Start the container with the -d flag (otherwise you will go straight into console mode and there is a bug in lxc-start that prevents the ctrl-a, q escape combination from working).

$ lxc-start -n lxctutorial -d
$ lxc-list
RUNNING
  lxctutorial

FROZEN

STOPPED

You can connect to your container in console mode:

$ lxc-console -n lxctutorial
Ubuntu 12.04.4 LTS lxctutorial tty1

lxctutorial login: ubuntu
Password: ubuntu
Welcome to Ubuntu 12.04.4 LTS (GNU/Linux 3.2.0-74-generic x86_64)

 * Documentation:  https://help.ubuntu.com/

The programs included with the Ubuntu system are free software;
the exact distribution terms for each program are described in the
individual files in /usr/share/doc/*/copyright.

Ubuntu comes with ABSOLUTELY NO WARRANTY, to the extent permitted by
applicable law.

ubuntu@lxctutorial:~$

To disconnect from the console (quit/exit) press ctrl-a, q.

Stopping the Container

You can stop the container – this kills all the processes inside the container.

$ lxc-stop -n lxctutorial

But a cleaner way of bringing a container to a stop is to halt it:

$ lxc-shutdown -n lxctutorial -w
Container lxctutorial has shut down

Destroying the Container

$ lxc-destroy -n lxctutorial
$ lxc-list
RUNNING

FROZEN

STOPPED

Assigning Static DHCP Leases to LXC Containers

You will need to create a configuration file in which you can put static leases, e.g.:

$ touch /etc/lxc/dnsmasq.conf

Next edit your /etc/init/lxc-net.conf file to add this configuration file to the dnsmasq startup, from:

dnsmasq -u lxc-dnsmasq --strict-order --bind-interfaces \
  --pid-file=${varrun}/dnsmasq.pid --conf-file= \
  --listen-address ${LXC_ADDR} --dhcp-range ${LXC_DHCP_RANGE} \
  --dhcp-lease-max=${LXC_DHCP_MAX} --dhcp-no-override \
  --except-interface=lo --interface=${LXC_BRIDGE} || cleanup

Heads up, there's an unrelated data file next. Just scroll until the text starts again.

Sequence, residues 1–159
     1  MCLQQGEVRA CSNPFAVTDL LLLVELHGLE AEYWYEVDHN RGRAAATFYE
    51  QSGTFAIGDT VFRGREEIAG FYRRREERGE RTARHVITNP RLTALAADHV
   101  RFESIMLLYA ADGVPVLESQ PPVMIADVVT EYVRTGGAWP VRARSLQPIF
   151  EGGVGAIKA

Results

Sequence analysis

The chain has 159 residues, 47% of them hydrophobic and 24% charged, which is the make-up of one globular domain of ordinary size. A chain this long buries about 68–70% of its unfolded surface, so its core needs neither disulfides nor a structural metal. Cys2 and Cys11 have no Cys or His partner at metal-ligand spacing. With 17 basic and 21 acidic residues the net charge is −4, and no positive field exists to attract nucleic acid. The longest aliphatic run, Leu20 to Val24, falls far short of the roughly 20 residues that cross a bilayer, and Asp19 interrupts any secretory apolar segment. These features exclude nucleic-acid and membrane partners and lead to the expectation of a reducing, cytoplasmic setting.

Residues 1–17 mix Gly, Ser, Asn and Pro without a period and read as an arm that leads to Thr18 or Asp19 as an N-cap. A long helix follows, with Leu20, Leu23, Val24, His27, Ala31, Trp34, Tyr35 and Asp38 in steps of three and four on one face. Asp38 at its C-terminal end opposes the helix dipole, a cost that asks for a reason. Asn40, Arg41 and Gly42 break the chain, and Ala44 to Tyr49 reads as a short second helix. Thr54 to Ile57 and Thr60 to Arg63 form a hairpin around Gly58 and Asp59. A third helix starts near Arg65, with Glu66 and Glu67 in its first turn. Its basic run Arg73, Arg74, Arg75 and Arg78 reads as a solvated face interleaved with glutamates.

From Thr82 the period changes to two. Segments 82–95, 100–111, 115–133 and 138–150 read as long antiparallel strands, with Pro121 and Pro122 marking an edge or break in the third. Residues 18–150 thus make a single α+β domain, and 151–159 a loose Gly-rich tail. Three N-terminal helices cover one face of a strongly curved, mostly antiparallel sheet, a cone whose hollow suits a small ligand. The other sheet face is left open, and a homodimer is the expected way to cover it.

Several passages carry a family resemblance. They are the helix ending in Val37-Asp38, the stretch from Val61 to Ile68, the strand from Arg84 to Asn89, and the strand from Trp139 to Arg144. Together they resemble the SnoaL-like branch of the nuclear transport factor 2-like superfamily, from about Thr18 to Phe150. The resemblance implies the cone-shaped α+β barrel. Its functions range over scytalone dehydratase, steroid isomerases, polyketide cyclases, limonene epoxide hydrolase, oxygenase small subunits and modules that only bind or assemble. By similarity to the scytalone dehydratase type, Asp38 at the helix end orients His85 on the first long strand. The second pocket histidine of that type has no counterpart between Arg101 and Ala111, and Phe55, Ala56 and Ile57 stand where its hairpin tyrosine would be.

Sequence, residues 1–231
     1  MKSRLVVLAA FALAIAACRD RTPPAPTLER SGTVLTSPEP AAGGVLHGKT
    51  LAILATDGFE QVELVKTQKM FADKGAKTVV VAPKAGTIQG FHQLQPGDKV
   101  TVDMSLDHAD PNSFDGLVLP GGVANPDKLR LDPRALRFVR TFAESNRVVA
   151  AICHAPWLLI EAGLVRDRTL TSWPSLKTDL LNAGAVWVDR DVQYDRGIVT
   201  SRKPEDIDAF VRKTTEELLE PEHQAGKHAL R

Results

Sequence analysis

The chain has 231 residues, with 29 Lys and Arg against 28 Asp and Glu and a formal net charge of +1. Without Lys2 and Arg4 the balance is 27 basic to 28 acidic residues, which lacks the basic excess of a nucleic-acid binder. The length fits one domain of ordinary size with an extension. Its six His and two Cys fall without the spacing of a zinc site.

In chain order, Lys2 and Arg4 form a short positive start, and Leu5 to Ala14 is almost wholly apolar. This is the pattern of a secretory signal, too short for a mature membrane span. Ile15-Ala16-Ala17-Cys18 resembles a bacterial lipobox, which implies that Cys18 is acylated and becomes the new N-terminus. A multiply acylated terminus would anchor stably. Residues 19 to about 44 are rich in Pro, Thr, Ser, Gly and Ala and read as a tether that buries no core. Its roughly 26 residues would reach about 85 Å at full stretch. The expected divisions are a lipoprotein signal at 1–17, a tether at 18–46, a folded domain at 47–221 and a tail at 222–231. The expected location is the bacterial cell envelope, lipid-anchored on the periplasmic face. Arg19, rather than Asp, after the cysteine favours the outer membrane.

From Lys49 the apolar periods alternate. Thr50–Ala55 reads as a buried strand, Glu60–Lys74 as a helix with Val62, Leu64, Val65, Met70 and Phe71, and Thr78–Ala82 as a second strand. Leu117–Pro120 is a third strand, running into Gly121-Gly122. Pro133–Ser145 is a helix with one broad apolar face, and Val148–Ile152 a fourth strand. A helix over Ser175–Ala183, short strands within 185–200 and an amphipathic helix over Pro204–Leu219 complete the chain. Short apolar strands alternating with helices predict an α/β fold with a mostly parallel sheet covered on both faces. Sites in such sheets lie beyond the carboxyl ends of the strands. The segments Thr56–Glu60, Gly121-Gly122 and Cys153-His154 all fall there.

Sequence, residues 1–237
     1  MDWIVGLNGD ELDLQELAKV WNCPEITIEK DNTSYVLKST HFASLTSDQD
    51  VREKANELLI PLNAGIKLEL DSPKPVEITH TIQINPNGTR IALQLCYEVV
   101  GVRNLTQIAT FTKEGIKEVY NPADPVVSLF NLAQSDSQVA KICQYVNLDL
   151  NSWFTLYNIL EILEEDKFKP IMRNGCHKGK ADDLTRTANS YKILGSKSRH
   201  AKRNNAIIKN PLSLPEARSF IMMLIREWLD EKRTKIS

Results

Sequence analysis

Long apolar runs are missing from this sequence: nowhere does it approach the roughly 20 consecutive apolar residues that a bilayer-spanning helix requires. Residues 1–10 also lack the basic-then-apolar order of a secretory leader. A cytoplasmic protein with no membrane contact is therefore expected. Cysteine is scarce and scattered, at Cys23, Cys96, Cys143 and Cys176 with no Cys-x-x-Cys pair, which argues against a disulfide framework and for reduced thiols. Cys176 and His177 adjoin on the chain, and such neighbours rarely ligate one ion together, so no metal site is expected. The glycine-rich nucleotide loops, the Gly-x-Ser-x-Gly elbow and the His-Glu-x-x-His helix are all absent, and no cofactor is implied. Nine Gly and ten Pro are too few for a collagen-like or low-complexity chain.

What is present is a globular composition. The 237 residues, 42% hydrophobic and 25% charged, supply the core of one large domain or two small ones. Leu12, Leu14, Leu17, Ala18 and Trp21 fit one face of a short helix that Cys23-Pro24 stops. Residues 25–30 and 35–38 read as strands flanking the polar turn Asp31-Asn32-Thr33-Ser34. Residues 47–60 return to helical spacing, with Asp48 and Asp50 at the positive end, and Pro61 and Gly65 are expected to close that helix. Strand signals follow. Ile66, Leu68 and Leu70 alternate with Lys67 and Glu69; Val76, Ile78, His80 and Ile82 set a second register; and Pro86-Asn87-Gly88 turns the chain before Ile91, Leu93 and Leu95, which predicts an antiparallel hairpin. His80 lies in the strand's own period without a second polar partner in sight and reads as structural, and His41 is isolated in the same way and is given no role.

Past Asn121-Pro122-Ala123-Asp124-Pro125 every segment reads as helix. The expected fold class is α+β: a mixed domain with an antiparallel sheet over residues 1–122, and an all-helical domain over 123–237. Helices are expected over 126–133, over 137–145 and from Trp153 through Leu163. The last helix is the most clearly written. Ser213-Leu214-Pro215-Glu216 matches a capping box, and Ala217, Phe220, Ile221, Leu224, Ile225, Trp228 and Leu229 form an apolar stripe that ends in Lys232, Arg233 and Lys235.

to:

dnsmasq -u lxc-dnsmasq --strict-order --bind-interfaces \
  --pid-file=${varrun}/dnsmasq.pid --conf-file=/etc/lxc/dnsmasq.conf \
  --listen-address ${LXC_ADDR} --dhcp-range ${LXC_DHCP_RANGE} \
  --dhcp-lease-max=${LXC_DHCP_MAX} --dhcp-no-override \
  --except-interface=lo --interface=${LXC_BRIDGE} || cleanup

Then find the MAC address from your container’s configuration:

# grep lxc.network.hwaddr /var/lib/lxc/*/config
/var/lib/lxc/lxctutorial/config:lxc.network.hwaddr = 00:16:3e:32:9a:a4
/var/lib/lxc/webserver/config:lxc.network.hwaddr = 00:16:3e:0c:5b:1b
/var/lib/lxc/mailserver/config:lxc.network.hwaddr = 00:16:3e:ca:cb:02

Now you can put the fixed address you want into your new configuration file /etc/lxc/dnsmasq.conf, e.g. if you wanted 10.0.3.123 for the lxctutorial container:

# static leases
dhcp-host=00:16:3e:32:9a:a4,lxctutorial-addr,10.0.3.123,7200

Make sure you shut down all LXC containers and restart LXC for this to take effect:

# /etc/init.d/lxc-net stop
# /etc/init.d/lxc stop
# /etc/init.d/lxc start
# /etc/init.d/lxc-net start

In Ubuntu 14.04 Trusty the start/stop jobs are:

# initctl stop lxc-net
# kill dnsmasq daemon
# ifconfig lxcbr0 down
# brctl delbr lxcbr0
# initctl stop lxc
# initctl start lxc
# initctl start lxc-net

Leave a Reply

Fill in your details below or click an icon to log in:

WordPress.com Logo

You are commenting using your WordPress.com account. Log Out / Change )

Twitter picture

You are commenting using your Twitter account. Log Out / Change )

Facebook photo

You are commenting using your Facebook account. Log Out / Change )

Google+ photo

You are commenting using your Google+ account. Log Out / Change )

Connecting to %s

%d bloggers like this: